When Paul Barton moved to Thailand in the 1990s, it was supposed to be for a short time so that he could teach piano at a private school. Instead, he stayed for a long time. When he met his wife, his plans changed. And that short time turned into 22 years. There are many elephant sanctuaries in Thailand that Western tourists can choose from.
Several elephants who have been abused, sick, retired or rescued live at Elephants World. Paul and Khwan like the idea of a retirement home for them. These two and Paul’s Feurich piano became regulars there. Paul played the piano to soothe and calm the older elephants, many of whom had some vision problems.
That’s not what happened. The first elephant he played for was a blind elephant named Plara, and he “suddenly stopped eating, with the grass protruding from his mouth and stayed still all through the music.” But his most memorable performance so far was when he played Beethoven’s “Moonlight Sonata” for Romsai, a bull elephant who was blind and huge. Even his handlers were afraid.
“To be so close to him at the piano under the moon and stars and play music to him was quite special,” Paul says. He’s usually kept away from people because of his size and bad temper. When he looked at the music, he looked like he was listening to it and liked it. Then, “He let me live.”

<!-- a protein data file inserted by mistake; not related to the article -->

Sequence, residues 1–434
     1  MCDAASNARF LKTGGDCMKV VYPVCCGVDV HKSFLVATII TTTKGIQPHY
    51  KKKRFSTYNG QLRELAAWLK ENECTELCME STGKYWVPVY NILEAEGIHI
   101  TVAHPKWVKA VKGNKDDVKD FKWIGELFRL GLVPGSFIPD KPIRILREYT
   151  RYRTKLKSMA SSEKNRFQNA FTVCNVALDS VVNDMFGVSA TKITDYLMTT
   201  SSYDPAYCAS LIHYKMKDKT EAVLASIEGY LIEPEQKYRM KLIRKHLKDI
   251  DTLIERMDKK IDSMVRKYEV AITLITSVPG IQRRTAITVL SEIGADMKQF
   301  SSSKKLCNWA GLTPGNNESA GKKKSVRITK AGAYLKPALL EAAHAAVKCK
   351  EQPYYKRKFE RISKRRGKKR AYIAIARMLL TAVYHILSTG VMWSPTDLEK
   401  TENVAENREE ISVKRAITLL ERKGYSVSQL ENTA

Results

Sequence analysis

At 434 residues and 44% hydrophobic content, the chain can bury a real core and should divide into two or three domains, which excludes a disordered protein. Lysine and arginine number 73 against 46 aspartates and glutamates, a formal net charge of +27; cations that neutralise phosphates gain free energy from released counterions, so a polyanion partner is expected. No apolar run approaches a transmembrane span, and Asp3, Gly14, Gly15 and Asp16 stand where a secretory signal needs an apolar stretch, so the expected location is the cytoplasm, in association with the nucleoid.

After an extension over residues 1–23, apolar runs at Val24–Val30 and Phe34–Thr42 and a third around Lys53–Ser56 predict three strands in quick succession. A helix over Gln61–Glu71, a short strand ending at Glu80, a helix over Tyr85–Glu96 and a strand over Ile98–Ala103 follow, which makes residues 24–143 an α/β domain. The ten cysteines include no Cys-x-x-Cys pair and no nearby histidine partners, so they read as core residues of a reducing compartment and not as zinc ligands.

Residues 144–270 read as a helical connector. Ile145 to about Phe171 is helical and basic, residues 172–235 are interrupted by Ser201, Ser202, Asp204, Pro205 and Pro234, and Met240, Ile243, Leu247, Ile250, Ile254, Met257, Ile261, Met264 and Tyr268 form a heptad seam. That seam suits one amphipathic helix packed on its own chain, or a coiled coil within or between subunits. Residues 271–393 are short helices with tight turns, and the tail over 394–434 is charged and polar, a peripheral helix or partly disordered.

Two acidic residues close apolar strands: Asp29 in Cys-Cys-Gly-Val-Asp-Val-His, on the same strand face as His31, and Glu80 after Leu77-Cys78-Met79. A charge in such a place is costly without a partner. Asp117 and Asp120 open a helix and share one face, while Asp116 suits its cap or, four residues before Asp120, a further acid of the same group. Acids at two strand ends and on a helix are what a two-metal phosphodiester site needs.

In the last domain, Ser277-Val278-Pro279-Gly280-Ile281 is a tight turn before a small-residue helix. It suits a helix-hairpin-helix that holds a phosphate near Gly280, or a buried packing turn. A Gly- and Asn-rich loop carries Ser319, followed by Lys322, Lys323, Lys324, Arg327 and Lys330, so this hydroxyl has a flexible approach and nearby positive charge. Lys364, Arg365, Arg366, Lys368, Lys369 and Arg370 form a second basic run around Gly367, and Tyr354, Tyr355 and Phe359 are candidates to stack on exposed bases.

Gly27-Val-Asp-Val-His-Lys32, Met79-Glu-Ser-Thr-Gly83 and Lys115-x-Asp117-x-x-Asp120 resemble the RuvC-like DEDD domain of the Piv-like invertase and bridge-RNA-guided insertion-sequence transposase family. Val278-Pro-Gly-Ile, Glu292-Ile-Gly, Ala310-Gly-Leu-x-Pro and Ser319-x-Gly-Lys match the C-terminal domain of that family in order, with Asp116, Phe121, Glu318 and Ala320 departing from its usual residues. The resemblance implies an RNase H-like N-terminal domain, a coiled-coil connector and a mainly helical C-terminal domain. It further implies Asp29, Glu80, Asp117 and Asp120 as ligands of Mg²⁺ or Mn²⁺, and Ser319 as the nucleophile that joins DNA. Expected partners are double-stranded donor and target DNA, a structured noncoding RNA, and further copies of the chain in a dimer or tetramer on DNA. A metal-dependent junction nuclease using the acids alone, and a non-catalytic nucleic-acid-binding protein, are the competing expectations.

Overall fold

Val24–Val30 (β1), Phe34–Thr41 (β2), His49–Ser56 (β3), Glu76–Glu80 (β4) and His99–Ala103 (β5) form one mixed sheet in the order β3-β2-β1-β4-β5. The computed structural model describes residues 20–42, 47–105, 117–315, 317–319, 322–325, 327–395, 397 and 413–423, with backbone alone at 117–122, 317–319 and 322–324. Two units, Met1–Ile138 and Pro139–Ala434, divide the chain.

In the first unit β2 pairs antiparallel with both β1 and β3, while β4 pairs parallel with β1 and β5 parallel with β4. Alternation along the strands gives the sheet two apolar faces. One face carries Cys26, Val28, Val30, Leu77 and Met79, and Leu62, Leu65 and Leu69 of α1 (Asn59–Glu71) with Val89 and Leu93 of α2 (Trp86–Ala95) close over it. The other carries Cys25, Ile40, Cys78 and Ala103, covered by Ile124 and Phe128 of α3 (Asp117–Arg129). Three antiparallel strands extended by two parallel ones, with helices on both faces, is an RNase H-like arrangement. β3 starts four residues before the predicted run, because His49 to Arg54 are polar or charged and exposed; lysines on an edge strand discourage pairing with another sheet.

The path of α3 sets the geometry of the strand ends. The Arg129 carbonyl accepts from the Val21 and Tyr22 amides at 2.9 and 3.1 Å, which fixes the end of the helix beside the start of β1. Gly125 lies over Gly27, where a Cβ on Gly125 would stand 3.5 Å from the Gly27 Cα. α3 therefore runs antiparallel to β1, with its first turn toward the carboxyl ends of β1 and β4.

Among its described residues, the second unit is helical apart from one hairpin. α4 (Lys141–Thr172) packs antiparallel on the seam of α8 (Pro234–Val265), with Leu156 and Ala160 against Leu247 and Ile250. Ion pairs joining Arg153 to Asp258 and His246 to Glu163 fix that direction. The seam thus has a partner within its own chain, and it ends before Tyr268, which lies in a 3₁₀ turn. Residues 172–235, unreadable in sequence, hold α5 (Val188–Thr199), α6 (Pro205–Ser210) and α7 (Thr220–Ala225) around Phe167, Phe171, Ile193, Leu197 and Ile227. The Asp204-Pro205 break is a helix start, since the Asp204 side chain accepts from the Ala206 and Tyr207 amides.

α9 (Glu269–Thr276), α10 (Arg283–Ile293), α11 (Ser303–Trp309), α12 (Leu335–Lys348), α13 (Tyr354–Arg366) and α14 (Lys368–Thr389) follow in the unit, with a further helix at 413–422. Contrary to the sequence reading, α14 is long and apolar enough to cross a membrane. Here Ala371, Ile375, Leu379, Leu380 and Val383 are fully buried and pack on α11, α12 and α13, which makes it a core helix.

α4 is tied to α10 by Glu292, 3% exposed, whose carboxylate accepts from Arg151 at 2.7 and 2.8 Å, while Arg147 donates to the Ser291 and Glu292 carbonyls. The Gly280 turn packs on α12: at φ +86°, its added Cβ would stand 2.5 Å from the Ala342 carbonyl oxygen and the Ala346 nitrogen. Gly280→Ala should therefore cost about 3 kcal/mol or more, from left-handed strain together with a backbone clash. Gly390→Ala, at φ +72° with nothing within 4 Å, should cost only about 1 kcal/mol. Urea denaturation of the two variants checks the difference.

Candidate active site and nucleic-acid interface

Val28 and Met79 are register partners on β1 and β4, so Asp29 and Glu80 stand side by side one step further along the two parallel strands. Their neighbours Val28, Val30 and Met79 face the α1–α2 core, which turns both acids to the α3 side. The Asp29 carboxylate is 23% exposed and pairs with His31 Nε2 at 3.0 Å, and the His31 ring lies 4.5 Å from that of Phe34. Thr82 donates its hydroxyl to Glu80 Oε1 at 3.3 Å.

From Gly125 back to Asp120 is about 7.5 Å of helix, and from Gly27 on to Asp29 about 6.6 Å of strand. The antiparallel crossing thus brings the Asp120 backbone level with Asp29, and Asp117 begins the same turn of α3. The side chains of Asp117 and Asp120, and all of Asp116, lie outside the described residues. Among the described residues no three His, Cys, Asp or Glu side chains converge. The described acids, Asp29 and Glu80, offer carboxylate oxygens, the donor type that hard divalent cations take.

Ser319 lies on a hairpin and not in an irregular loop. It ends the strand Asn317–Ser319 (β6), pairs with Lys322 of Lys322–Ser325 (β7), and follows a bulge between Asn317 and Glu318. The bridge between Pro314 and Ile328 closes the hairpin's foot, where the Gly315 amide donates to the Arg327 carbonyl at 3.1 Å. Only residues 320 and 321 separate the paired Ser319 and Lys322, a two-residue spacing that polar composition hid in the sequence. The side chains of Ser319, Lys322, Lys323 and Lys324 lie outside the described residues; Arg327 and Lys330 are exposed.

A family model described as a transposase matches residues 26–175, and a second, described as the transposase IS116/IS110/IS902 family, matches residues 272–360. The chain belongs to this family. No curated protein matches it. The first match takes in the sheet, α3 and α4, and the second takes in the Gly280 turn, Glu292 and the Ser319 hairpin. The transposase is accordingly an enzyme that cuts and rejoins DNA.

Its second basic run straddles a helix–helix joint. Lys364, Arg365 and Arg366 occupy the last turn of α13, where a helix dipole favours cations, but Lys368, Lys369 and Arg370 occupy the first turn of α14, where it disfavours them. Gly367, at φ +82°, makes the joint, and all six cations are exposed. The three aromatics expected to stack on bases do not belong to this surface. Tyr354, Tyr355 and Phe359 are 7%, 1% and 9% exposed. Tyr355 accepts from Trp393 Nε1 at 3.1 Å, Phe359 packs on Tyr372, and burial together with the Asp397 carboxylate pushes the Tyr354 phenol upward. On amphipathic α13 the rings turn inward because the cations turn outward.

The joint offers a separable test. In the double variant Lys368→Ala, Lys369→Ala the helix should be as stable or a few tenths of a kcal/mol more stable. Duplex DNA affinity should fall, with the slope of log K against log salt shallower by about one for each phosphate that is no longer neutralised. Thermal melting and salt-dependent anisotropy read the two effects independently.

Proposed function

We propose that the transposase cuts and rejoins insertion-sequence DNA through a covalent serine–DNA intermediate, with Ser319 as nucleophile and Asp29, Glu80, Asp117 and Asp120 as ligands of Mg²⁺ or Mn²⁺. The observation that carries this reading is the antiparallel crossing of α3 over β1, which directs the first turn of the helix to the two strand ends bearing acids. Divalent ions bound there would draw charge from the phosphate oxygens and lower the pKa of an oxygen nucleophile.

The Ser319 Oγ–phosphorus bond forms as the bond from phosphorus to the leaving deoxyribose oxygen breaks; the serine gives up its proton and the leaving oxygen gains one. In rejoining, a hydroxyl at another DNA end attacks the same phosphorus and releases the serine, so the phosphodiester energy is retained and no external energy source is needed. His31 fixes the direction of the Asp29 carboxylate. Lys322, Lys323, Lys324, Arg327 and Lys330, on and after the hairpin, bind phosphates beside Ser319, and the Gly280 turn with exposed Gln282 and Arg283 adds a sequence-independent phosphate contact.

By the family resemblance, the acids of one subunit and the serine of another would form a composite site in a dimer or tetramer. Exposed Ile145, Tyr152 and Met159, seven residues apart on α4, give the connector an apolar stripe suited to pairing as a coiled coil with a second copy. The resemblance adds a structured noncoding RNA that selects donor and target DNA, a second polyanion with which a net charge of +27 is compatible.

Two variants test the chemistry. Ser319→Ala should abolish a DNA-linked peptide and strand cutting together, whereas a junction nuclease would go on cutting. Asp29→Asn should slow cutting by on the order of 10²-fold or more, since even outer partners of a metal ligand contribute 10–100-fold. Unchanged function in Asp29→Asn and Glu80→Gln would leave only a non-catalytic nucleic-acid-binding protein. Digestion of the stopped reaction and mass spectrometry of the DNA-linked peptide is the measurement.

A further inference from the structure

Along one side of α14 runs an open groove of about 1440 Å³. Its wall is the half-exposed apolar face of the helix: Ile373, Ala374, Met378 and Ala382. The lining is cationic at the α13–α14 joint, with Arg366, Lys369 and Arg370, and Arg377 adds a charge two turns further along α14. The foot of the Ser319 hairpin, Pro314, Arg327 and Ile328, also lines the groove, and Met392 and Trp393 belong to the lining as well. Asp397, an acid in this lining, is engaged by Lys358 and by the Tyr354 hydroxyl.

Many videos of Paul playing music by Beethoven, Bach, and Chopin are on his YouTube channel. Some elephants sway and flail their ears or trunks as the soft music wafts through the early evening air. Video: In the video below, he’s playing Chopin’s “Raindrop Prelude” to one of Thailand’s oldest elephants, Nong Mai, 84 years old.
She doesn’t like having people around her very much, putting it mildly. She didn’t listen when I asked her mahout, Yai, to let me play a little piano music for her one day. I was told that if I was in front of her at the piano and she hit me with her trunk, she’d walk away backward. In the end, I still wanted to give it a go.
Look at what happens to the elephants when Paul starts to play.